Then we got on our horses and started with the circle behind the start line - I tried to do mine in the middle but Tracy corrected me to do it on the right side so I have a short path to the first barrel.  Then approaching the cone think a slight leg yield and halt at the cone.  Not surprisingly Cupid was good at that part. =)  Then we started on our large fast circle, and when Tracy was satisfied our circle was even, with the correct bend and not falling through the shoulders we went to the half round circle, then the regular turn.  The regular turn started out really good but got egg-shaped on the other side, I think maybe a bit of a magnetic pull towards the gait!  So we worked on fixing that.  And then Tracy said as soon as I got a good circle move on, don't keep drilling it because then it will quickly not be fun for the horse.

Some of the technique is a bit different then I'm used to - a slight raise of the inside hand, and moving both hands towards the barrel.  But there was also a lot that was familiar, such as using the inside leg effectively - timing the cue before the horse picks up that foot, with enough intensity to get a response then leave the horse alone.  

After completing the pattern at a walk, we trotted in, stopped at the cone, trotted the large fast (if you could do it correctly), and walked the half round and regular turn, then trotted off.  Tracy said our halts were quite good, of course we've had plenty of practice halting at X in the dressage court!  Eventually instead of halting at the cone it was more just a half halt.  We didn't get past cantering a large fast, then trotting a half round and walking the regular turn.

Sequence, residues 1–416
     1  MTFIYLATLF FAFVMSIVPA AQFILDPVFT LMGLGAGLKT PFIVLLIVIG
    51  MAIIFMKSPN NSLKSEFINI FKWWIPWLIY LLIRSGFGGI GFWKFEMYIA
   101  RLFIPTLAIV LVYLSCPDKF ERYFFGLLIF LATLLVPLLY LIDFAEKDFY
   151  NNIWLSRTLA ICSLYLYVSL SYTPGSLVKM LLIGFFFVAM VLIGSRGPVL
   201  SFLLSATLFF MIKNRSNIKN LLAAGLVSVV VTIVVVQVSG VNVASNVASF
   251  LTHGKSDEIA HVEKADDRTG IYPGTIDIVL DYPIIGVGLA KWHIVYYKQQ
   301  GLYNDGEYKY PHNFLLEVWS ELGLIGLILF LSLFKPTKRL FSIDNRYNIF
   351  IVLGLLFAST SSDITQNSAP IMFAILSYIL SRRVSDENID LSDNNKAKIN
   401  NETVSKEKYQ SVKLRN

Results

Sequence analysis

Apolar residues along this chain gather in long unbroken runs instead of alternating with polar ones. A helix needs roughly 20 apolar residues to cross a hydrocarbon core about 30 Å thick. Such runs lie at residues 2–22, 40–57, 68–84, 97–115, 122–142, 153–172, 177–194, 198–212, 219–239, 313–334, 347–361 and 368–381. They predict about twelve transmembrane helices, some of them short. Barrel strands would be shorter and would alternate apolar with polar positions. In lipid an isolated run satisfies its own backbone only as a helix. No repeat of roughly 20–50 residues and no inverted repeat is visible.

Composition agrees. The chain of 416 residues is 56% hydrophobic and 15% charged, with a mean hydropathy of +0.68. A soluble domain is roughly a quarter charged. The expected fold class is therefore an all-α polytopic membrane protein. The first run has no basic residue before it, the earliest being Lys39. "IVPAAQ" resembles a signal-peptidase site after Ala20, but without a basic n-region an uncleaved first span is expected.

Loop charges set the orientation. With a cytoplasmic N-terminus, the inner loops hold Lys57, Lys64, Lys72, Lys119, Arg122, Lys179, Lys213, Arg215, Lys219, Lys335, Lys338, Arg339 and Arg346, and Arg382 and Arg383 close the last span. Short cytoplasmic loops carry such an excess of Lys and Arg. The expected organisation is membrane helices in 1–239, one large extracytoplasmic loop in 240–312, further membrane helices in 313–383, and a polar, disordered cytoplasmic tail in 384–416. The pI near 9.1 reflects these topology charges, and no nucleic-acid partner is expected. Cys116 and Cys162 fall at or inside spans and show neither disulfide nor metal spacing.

Then we did a little work away from the barrels, practicing spiraling in and out at the trot and canter, then at the walk we spiraled in eventually to a turn on haunches - which Cupid and I struggled with a bit as he moves his haunches a bit too much.  I told Tracy I will try to work on it in hand and she agreed that is a good approach.

We ended with a few last runs around the course.  Cupid was getting a bit tired at this point so we only cantered up to the first barrel and transitioned to the trot at the cone, did the regular turn at the walk, and trotted to the next cone.

At no point during the clinic did Cupid get lit up, which I was super relieved about!  The slow and methodical approach really just allowed us to have fun practicing the same things we usually practice (smooth transitions, responsiveness to rein and legs, proper bend without losing the shoulder, balance, etc) just in a different way.  I don't aspire to actually barrel race because speed isn't really my thing, but it was super fun learning more about it!

Wednesday, October 6, 2021

Race Horse PTSD